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That thou 'art false as hell.

Def. To whom, my Lord ? With whom ? how am I falfe ?

Oth. Ah, Desdemona, away, away, away

Def. Alas the heavy day! why do you weep?
Am I the motive of these tears, my Lord?
If haply you my father do suspect
An inftrument of this your calling back,
Lay not your blame on me ; if you have lost him,
Why I have lost him too.

Oth. Had it pleas'd heav'n
To try me with affliction, had a lit rain'd
All kind of fores and shames on my bare head,
Steep'd me in poverty to the very lips,
Giv'n to captivity me and my hopes;
I should have found in some place of my soul
A drop of patience. But alas, to make me
A fixed figure for the hand of scorn
To point his now and moving finger at
Yet could I bear that too, well, very well.
But there where I have garner'd up my heart,
Where either I must live, or bear no life,
The fountain from the which my current runs,
Or else dries up; to be discarded thence ;
Or keep it as a cistern, for foul toads
To knot and gender in: turn thy complexion there,
Patience, thou young and rose-lipp'd cherubin ;
3 'There, therelook grim as hell.

Def. I hope my noble Lord esteems me honeft.

Oih. Oh ay, as summer-Alies are in the fhambles,
That quicken ev'n with blowing. Oh thou weed !
Who art so lovely fair, and smell'st so sweet,
That the fense akes at thee
Would thou had'st ne'er been born!

Def. Alas, what ignorant sin have I committed ?

Oih. Was this fair paper, this most goodly book, Made to write whore upon? What, what committed ?

Comold edit. Theob. emend.

2 he

3 I here

Committed? oh, thou publick commoner!
I should make very forges of my cheeks,
That would to cinders burn up modesty,
Did 4'I but speak thy deeds.' What, what committed ?
Heav'n stops the nose at it, and the moon winks;
The bawdy wind, that kisses all it meets,
Is hulh'd within the hollow mine of earth
And will not hear't. S'Committed ?"-impudent strumpet !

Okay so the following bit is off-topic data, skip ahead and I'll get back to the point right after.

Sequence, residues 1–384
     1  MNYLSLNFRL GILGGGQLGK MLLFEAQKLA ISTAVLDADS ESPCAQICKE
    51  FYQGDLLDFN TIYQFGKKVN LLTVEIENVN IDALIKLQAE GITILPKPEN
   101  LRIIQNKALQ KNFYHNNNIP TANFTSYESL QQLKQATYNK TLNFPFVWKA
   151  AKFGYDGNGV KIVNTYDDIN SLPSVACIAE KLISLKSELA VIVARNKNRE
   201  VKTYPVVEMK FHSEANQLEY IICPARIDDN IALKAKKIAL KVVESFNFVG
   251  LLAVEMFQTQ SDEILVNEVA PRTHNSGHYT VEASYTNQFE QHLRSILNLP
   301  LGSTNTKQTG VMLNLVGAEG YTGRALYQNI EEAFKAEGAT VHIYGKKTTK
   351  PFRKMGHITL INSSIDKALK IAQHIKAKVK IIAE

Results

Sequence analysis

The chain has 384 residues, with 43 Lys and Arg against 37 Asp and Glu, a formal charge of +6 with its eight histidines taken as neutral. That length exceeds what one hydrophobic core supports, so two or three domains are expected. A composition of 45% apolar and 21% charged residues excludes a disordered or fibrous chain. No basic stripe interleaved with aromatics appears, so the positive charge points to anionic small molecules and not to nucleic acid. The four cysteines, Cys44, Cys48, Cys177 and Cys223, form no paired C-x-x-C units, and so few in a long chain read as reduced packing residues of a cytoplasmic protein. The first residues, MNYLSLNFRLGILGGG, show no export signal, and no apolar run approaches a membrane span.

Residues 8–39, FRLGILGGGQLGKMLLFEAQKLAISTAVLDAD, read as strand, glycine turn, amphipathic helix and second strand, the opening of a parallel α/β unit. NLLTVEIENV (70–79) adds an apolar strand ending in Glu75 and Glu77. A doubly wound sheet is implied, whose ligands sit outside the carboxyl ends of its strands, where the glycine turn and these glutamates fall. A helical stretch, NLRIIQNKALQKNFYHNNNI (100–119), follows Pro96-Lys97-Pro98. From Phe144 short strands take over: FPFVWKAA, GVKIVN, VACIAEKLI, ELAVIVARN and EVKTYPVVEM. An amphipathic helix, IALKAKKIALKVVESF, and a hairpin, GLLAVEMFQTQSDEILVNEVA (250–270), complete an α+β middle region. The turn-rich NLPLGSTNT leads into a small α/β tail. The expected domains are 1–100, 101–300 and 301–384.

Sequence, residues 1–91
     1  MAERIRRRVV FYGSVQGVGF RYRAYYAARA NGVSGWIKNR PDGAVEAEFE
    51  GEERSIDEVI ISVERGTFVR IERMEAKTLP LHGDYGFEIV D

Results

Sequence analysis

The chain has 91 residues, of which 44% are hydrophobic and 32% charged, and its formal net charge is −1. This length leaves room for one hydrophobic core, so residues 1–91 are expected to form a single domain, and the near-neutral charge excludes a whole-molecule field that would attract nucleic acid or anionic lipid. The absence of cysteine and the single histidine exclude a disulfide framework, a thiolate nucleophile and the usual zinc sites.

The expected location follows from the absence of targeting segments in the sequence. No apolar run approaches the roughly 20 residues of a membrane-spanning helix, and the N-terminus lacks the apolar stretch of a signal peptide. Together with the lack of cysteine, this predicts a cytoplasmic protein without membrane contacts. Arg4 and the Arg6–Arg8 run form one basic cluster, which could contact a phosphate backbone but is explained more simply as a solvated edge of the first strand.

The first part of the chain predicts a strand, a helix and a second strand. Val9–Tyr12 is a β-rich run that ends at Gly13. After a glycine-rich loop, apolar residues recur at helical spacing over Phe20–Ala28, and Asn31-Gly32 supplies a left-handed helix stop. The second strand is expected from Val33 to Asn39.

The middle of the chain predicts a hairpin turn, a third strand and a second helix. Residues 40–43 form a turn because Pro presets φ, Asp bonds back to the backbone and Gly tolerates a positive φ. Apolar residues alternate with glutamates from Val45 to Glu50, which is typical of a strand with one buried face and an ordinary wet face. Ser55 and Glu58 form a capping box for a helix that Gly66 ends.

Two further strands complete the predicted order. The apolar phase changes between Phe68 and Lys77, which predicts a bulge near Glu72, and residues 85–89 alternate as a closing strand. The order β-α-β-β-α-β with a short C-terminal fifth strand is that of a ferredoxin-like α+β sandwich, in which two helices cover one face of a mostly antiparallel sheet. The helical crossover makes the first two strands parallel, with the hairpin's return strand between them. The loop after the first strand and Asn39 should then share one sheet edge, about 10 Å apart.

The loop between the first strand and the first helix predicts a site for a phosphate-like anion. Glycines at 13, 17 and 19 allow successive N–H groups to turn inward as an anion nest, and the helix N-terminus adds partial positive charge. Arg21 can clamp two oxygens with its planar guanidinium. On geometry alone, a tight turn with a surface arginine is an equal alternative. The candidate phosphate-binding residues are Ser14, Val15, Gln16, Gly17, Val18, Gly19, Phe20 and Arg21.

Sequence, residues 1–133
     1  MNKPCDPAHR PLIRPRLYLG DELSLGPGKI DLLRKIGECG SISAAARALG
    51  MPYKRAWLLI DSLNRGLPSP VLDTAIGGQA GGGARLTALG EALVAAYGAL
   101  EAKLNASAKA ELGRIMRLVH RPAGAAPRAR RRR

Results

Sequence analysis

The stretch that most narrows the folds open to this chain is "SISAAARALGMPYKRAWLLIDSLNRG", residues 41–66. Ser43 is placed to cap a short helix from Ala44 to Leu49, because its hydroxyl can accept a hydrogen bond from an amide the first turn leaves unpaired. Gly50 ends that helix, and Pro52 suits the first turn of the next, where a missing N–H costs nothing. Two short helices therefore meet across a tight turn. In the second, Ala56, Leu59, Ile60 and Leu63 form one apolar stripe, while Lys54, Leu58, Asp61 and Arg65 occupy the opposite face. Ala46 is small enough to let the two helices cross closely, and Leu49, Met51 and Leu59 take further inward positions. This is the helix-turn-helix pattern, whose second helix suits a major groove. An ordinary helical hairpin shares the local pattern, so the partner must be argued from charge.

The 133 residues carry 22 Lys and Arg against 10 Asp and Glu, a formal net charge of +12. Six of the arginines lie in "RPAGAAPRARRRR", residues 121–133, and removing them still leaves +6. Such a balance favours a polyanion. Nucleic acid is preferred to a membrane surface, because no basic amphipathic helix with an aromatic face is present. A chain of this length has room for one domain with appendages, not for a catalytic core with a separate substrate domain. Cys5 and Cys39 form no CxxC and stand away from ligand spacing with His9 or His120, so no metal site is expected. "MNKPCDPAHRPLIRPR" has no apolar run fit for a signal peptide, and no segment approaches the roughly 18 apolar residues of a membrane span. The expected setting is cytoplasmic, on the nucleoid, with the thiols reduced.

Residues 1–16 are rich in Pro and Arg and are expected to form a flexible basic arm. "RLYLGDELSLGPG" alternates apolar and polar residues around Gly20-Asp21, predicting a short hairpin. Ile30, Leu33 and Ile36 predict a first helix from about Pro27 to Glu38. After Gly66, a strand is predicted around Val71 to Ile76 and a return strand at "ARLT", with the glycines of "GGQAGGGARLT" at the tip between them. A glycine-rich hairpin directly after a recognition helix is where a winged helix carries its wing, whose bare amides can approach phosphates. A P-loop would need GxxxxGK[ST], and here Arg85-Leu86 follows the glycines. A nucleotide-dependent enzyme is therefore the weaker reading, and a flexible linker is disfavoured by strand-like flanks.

Des. By heav'n, you do me wrong.
Otb. Are not you a ftrumpet?

Def. No, as I am a christian.
If to preserve this veffel for my Lord
From any other foul unlawful touch,
Be not to be a strumpet, I am none.

Orb. What, not a whore?
Def. No, as I shall be faved.
Oih. Is't possible?
Def. Oh, heav'n forgive us!

Oth. I cry you mercy, then.
I took you for that cunning whore of Venice,
That married with Orbella

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S C E NE X.

Enter Æmilia.
"'Come you, mistress,
That have the office opposite to Saint Peter,
And keep the gate of hell ; You! you! ay, you!
We have done our course, there's money for your pains ;
I pray you turn the key, and keep our counsel. [Exit,

Æmil. Alas, what does this gentleman conceive?
How do you, Madam? how do you, my good Lady ?

Def. 'Faith, half alleep.
Æmil. Good Madam, what's the matter with my Lord ?
Def. 7/With whom, Æmilia ?
Æmil. Why, with my Lord, Madam.
Def. Who is thy Lord?

Æmil. 5 What committed : 6 You, mistress, 7 With whom?

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4 but I

Æmil. He that is yours, sweet Lady.

Def. I have none; do not talk to me, Æmilia,
I cannot weep; nor answer have I none,
But what should go by water. Pray, to-night
Lay on my bed my wedding sheets, remember :
And call thy husband hither.
Æmil. Here's a change indeed!

[Exit.
Def. 'Tis meet I should be us'd so, very meet :
How have I been behav'd, that he might stick
The small’It opinion of my least misuse?

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Enter Iago and Æmilia. lago. What is your pleasure, Madam? how is't with you?

Des. I cannot tell; those that do teach your babes, Do it with gentle means, and easie tasks; He might have chid me so: for in good, faith, I am a child to chiding.

Iago. What is the matter, Lady?

Æmil. Alas, Iago, my Lord hath so bewhor'd her,
Thrown such despight and heavy terms upon her,
That true hearts cannot bear it.